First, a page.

Now, how can we take the principles for preaching and evangelism and have them translate to preaching a sermon? We’ll work through Luke 15:11–32, the parable of the prodigal son—a well-known evangelistic text—as a sort of model from which we can learn and that we can apply to our own contexts. The parable presents us with essential Gospel themes in a series of compelling pictures.

The First Picture: A Crowd of “Saints” and Sinners

Luke sets the scene for us in verses 1–2 , where he provides the context for the teaching that follows. Present with Jesus are a group of saints and sinners—or at least those who regarded themselves as saints and those who knew themselves to be sinners. It wasn’t His first time encountering these two groups, for Luke had recorded in chapter 5 a key event:

The Pharisees and their scribes grumbled at his disciples, saying, “Why do you eat and drink with tax collectors and sinners?” And Jesus answered them, “Those who are well have no need of a physician, but those who are sick. I have not come to call the righteous but sinners to repentance.” (Luke 5:30–32)

So, in Luke 15, we discover the Pharisees again grumbling, concerned that Jesus associates with the scoundrels of society (v. 2). What was bad news to the supposed “saints” was good news to the sinners. The Pharisees were enraged by what Jesus did, and the tax collectors and sinners were intrigued by what He did.

The preacher’s task it to clear the way, declare the way, and get out of the way, that we might make much of the one who is the Way.

Jesus’ ministry context is not much different from our own. Do we not have these same two groups, the self-righteous and the self-abased, before us each Sunday? And as in Jesus’ day, both groups need the Gospel preached to them—the impossibility of meriting righteousness by our works and a resting in the finished work of Christ (Matt. 11:28–30). It’s this message that we must bring to bear on our hearers.

The Second Picture: A Bedroom, a Bedsit, and a Pigsty

What’s the key issue in the parable of the lost son? Clearly, it’s that the younger of the two sons is overtly estranged from his father. Jesus paints for us the picture beginning in verse 13: “The younger son gathered all he had,” leaving with a resolve never to return. In other words, the son emptied his bedroom—a constant reminder to his father that he had turned his back on him.

From the empty bedroom comes the picture of a lonely bedsit—an efficiency apartment, more or less. The Prodigal “squandered his property in reckless living,” until he “had spent everything” (vv. 13–14). Having pushed the limits in his wild living, he then ends up in a circumstance similar to the one he had left behind: an empty bedroom, and then a lonely bedsit. And it digresses even further, the son eventually winding up as a hired hand in a pigsty (v. 16).

If we were preaching this text evangelistically, we wouldn’t hasten to move on from verse 16. We would instead lean into it, highlighting (honestly, of course) sin’s devastating effects in our hearers’ lives. When the son had left home—confident, wealthy, and hopeful—he never could have imagined that he would end up in this situation. He had left in search of liberation, down the road to opportunity, but it wound up a dead-end street, the son in a helpless and humiliated condition. Isn’t this an apt description of the fruit of our own rebellion against God? Indeed, the Prodigal’s condition, rightly understood, exposes the hopeless condition of all those who are far from God.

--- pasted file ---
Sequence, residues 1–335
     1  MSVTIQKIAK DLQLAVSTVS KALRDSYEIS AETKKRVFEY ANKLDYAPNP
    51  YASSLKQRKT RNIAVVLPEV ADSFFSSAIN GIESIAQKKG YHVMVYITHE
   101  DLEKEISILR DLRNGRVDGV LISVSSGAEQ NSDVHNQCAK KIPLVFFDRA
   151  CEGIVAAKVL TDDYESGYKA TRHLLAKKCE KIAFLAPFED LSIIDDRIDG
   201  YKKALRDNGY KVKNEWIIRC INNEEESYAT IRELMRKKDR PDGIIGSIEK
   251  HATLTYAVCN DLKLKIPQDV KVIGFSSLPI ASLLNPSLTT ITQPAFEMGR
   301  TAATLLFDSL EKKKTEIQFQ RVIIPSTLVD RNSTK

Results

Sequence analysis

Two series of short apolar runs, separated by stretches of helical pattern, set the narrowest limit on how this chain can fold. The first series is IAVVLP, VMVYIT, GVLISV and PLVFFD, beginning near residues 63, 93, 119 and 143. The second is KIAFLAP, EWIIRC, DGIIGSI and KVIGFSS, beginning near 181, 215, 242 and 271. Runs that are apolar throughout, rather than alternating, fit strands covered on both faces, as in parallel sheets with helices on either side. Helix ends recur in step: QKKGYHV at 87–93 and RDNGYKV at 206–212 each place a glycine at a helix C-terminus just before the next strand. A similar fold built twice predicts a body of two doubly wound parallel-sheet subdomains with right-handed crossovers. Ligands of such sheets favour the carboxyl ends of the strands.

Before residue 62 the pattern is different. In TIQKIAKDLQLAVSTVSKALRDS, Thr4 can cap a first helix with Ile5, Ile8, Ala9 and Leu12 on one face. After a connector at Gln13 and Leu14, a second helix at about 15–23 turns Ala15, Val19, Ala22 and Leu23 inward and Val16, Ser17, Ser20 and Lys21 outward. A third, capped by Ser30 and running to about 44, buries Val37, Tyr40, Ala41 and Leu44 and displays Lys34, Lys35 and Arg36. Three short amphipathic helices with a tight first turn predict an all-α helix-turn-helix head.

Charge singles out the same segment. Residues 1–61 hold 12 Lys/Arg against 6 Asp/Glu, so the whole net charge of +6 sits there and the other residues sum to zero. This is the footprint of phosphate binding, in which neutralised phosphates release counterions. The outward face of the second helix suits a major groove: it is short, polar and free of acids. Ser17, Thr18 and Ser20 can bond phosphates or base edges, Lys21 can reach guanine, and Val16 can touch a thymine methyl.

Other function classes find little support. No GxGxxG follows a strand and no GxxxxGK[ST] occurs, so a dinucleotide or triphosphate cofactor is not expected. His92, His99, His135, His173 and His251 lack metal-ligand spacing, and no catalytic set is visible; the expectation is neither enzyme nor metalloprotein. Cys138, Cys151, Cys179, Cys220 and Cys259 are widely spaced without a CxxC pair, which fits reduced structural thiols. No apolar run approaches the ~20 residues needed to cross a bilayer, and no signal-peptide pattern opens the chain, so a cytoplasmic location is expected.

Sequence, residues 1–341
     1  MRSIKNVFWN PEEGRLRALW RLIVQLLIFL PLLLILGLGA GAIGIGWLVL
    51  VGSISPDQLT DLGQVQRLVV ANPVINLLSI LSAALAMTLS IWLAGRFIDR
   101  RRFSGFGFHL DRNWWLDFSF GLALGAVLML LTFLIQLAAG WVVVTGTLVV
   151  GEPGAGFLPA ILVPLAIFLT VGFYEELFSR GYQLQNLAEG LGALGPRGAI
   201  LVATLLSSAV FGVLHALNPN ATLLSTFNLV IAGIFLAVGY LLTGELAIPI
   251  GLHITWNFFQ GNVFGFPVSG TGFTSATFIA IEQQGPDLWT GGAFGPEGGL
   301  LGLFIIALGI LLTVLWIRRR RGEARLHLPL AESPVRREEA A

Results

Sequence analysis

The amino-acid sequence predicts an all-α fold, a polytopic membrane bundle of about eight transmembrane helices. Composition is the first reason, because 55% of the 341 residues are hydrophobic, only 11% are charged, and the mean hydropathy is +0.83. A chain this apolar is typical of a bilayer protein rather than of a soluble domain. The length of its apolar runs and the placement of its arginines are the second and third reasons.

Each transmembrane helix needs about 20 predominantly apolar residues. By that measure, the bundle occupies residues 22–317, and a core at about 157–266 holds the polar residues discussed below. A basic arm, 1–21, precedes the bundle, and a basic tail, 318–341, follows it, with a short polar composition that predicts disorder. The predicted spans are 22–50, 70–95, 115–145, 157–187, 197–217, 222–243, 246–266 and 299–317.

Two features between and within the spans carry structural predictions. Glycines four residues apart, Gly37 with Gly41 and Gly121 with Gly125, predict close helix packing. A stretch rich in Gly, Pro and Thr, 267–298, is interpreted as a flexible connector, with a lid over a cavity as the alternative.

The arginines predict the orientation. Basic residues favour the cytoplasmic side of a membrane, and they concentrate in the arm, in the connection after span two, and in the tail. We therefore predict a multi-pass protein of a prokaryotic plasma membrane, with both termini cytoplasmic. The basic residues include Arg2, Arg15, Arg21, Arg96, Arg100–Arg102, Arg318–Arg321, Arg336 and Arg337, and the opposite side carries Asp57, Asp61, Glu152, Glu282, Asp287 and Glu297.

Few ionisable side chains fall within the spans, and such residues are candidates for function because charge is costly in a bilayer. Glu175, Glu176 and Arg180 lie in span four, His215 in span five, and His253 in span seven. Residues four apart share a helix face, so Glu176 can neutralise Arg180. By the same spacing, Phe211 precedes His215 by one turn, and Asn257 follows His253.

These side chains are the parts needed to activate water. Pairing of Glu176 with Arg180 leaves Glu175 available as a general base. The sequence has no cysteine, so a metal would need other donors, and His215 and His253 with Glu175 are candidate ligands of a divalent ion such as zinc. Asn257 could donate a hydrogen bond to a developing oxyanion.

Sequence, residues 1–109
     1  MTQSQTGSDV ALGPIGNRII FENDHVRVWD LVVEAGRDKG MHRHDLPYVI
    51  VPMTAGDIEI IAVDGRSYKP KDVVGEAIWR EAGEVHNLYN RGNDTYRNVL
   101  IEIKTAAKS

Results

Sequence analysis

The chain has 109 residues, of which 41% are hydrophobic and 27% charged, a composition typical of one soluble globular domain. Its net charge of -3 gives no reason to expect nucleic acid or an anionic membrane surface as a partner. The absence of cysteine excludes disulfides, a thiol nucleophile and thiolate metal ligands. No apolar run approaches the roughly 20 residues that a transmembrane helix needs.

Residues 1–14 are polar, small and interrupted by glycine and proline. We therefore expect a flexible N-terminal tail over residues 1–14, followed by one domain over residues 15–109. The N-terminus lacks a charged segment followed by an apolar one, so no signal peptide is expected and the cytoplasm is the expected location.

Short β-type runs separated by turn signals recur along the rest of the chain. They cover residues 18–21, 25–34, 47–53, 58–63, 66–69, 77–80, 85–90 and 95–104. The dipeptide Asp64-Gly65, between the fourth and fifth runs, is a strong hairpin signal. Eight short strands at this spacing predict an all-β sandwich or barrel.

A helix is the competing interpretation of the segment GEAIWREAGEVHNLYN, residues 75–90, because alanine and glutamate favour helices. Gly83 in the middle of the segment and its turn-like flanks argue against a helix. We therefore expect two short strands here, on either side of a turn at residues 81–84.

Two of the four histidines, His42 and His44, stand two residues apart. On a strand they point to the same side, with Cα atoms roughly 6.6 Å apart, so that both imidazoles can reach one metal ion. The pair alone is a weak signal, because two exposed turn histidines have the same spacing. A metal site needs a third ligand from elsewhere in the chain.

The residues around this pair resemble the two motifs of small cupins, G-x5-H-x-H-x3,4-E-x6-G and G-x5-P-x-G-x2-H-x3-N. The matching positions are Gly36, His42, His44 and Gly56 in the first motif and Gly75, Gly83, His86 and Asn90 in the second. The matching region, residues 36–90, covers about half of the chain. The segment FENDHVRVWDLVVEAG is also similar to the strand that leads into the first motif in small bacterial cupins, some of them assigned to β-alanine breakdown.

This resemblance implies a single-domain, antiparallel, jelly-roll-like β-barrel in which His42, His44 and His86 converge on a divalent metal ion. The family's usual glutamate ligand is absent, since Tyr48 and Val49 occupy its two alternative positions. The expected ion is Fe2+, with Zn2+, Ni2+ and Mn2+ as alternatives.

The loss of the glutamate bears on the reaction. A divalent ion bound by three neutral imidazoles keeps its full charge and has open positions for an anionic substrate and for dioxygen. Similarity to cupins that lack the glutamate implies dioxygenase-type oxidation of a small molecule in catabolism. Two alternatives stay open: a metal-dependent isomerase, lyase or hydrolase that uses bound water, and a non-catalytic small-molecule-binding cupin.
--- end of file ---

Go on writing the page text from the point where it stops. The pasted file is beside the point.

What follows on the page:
The Third Picture: A Waiting, Watching, Loving Father

Following the text’s movement, we look finally at the snapshots Jesus provides of the father in the parable. The son, having come to his senses, decides he will return home (vv. 17–19). And when he does, he’s greeted not with cold indifference but by a waiting, watching, and loving father (vv. 20–24). With a heart of compassion, he goes to his son, embraces him in arms of welcome, kisses him as an expression of his tenderness, and calls for a celebration. What an amazing picture this is!

The Prodigal’s condition exposes our own hopeless condition as men and women far from God.

Incidentally, the self-righteous shake their heads at scenes like this one. The smug, self-sufficient, legalistic person will always find fault with a father who freely forgives and abundantly pardons. “Why doesn’t the son get what he deserves?” he asks. But this question misses the story’s force entirely. It’s a story of tremendous grace toward the undeserving.

Here’s the point: God loves saving sinners. This truth is fundamental to the biblical storyline, to the heart of God, and to our evangelism. Jesus tells this story so that rigid saints may be made uncomfortable and hopeless sinners may discover God’s love. Do our sermons bring this message to bear on both the “saint” and sinner in our congregations? Or do we opt instead for lecturing on peripheral doctrines that often seem divorced from any real, heart-level burden for the lost in our midst?

Evangelistic Preaching Is Gospel Preaching

If we wish to preach this text—or any text, really—evangelistically, we cannot do so apart from the cross. In other words, we will never understand God’s compassion for the lost without viewing it through the lens of Calvary.

As we piece together the puzzle that is Luke 15, we discover that the story has a piece missing. It’s not that there is something missing but that there is actually someone missing—and the very one who’s telling the parable. Jesus tells the story of the Prodigal in light of the fact that He will soon go up to Jerusalem to be mocked, scourged, and crucified and will rise on the third day. In our preaching, we must present this missing piece to our people, commending to them the beauty and agony of Christ crucified for sinners.

Make no mistake: there is no evangelistic preaching without the Gospel. If we’re going to preach to win the lost, our sermons should strike the chord of Romans 5:8: “God shows his love for us in that while we were still sinners, Christ died for us.” And then, pressing upon burdened hearts, we ask, “Have you ever heard this good news? Has anyone ever explained to you what God has done in the person of the Lord Jesus Christ?” For God uses this kind of preaching to save sinners (1 Cor. 1:21).

This article was adapted from the sermons “Evangelistic Preaching — Part One” and “Part Two” by Alistair Begg.